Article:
by Danielle Julien
I am vastly unqualified to be telling you which movie released this year is the best. I have seen maybe 4 movies at the theater this year and maybe 3 or so others that were released to Netflix or Amazon. Although I have not seen many, I have seen some of the greatest, and one movie in particular stands out to me.
The first and foremost movie released in 2019 is Ari Aster’s Midsommar. While I connected with the main character, Dani (Florence Pugh), at the beginning of the movie because we have the same name, I quickly realized that I didn’t want to connect with her. Following Dani after a traumatic experience, most of Midsommar takes place in a small Swedish town during their special midsummer festival. Thanks to the bright scenery and all the happy Swedes we see when she arrives, we want to assume that this is going to be a good time. But, Midsommar is a horror movie directed by one sadistic man (if you’ve seen the greatest movie of 2018, Hereditary, you know what I mean). So, Dani is stuck in this festival with her awful boyfriend and his friends and she keeps getting dragged into “fun” festival activities. Hammers, drugs, paintings, flowers, dancing, bears, fire… and so many more fun things!
Near the end of the movie, after forcibly disconnecting myself from Dani, I realized I connected to her on a much deeper level than just our names. She is a young woman going through an incredibly hard moment and although some crazy stuff happens to her that has never happened to me, the point of the movie is that she overcomes everything. It doesn’t matter how we get over the things that happen to us (hopefully it doesn’t involve bears and fire) but as long as we get over the bad things we’ll be okay. The very last shot of Midsommar made me feel so incredibly full of love and happiness and I can still see it in my mind.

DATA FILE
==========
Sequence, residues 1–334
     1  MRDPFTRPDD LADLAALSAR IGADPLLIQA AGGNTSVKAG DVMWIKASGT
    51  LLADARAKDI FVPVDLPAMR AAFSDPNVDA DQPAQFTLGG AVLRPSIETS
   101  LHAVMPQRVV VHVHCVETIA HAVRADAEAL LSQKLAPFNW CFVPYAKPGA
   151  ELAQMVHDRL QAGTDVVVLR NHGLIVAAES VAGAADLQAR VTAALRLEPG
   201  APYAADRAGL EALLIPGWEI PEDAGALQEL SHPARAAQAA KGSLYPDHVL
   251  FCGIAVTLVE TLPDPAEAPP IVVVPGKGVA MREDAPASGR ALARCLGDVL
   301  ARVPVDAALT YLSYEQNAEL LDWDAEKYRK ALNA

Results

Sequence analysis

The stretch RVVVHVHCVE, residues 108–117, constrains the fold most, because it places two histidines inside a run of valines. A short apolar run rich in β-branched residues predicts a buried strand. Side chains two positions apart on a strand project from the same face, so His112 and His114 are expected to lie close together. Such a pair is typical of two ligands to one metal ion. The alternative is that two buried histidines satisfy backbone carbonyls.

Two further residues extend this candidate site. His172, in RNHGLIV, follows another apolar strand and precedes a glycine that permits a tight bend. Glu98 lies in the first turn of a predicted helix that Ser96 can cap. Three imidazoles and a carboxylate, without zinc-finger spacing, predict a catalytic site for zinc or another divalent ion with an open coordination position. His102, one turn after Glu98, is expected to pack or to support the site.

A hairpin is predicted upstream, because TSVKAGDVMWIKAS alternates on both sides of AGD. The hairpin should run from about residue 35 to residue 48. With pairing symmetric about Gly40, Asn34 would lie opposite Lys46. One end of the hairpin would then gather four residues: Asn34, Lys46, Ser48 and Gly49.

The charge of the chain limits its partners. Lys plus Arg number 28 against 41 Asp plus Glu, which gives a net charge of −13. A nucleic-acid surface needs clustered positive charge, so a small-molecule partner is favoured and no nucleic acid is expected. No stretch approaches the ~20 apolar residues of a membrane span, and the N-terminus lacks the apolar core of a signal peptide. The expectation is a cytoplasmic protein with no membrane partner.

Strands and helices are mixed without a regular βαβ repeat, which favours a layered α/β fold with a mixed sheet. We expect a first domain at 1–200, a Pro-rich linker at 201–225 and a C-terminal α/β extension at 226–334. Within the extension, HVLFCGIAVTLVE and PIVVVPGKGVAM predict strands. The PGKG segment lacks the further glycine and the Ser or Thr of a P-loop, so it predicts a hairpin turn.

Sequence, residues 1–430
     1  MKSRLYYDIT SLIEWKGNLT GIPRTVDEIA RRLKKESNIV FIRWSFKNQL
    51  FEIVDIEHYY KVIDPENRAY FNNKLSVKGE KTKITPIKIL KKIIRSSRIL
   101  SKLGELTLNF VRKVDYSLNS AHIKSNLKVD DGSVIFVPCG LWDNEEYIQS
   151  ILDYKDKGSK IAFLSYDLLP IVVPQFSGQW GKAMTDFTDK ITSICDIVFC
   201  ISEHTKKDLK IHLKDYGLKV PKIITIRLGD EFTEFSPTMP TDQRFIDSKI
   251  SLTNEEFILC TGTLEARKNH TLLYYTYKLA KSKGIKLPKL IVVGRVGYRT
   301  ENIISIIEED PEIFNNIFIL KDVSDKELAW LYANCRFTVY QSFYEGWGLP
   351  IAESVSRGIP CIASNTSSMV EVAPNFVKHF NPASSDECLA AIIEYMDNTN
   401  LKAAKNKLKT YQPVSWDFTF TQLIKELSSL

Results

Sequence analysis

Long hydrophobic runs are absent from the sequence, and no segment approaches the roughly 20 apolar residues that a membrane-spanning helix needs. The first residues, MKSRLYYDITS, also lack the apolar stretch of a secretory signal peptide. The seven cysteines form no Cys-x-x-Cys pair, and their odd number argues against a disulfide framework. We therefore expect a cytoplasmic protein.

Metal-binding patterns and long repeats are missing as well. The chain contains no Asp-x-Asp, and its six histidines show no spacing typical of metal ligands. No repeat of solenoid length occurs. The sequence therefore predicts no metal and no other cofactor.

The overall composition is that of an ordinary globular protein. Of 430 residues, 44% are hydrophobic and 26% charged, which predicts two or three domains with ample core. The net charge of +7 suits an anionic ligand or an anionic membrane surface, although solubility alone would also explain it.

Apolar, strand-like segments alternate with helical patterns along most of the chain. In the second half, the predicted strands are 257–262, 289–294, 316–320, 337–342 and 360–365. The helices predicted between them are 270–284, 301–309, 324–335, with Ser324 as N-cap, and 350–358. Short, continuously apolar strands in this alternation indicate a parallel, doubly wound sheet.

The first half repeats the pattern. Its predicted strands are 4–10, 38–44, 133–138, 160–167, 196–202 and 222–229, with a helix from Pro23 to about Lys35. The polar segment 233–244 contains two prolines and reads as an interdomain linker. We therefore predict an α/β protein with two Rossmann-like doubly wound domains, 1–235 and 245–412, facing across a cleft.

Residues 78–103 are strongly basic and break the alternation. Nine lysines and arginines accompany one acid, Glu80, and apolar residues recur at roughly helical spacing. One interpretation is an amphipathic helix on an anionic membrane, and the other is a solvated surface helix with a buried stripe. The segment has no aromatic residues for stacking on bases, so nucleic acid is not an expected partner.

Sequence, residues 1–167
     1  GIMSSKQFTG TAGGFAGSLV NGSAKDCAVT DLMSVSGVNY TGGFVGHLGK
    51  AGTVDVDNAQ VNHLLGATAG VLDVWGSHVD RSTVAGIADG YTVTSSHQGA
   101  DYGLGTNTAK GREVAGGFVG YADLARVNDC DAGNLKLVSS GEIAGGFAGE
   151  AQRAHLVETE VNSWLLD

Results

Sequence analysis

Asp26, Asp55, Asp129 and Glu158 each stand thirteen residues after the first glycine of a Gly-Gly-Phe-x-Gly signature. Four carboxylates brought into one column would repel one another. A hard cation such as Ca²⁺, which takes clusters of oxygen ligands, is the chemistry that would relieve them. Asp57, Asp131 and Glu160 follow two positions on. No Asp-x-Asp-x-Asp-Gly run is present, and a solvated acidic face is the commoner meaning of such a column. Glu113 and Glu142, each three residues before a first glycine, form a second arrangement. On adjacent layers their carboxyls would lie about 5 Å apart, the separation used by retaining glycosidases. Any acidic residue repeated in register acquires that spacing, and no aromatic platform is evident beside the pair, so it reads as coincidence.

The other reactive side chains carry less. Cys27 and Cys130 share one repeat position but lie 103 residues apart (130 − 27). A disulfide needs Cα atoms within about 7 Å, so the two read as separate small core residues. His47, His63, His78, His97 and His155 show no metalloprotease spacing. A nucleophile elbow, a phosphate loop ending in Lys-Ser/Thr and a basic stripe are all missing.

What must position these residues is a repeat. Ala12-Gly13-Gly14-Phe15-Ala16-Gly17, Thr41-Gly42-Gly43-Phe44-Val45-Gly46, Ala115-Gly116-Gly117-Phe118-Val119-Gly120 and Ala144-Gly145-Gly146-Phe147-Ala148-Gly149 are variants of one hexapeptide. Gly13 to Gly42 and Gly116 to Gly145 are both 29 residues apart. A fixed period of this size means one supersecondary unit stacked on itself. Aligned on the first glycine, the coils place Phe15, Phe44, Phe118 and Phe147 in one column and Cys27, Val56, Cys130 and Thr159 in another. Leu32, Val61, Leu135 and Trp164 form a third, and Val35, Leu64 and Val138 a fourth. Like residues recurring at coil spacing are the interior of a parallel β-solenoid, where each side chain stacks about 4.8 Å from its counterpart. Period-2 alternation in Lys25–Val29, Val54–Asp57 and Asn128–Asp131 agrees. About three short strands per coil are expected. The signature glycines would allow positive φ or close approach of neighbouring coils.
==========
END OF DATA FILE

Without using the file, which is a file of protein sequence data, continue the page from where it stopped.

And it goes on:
Besides Midsommar, I can argue for the greatness of Jordan Peele’s Us and I will admit that Tod Phillip’s Joker was pretty good. I saw The Farewell (Lulu Wang) impromptu over Labor Day weekend and although I was sleep-deprived and already emotional, it destroyed me so much with every progressive scene. There are so many other movies that I’m sad I still haven’t had the chance to watch, including The Last Black Man in San Francisco (Joe Talbot), Olivia Wilde’s Booksmart, and the critically acclaimed Parasite by Bong Joon-ho. None, though, will compare to my viewing of Midsommer.
*image from IMDB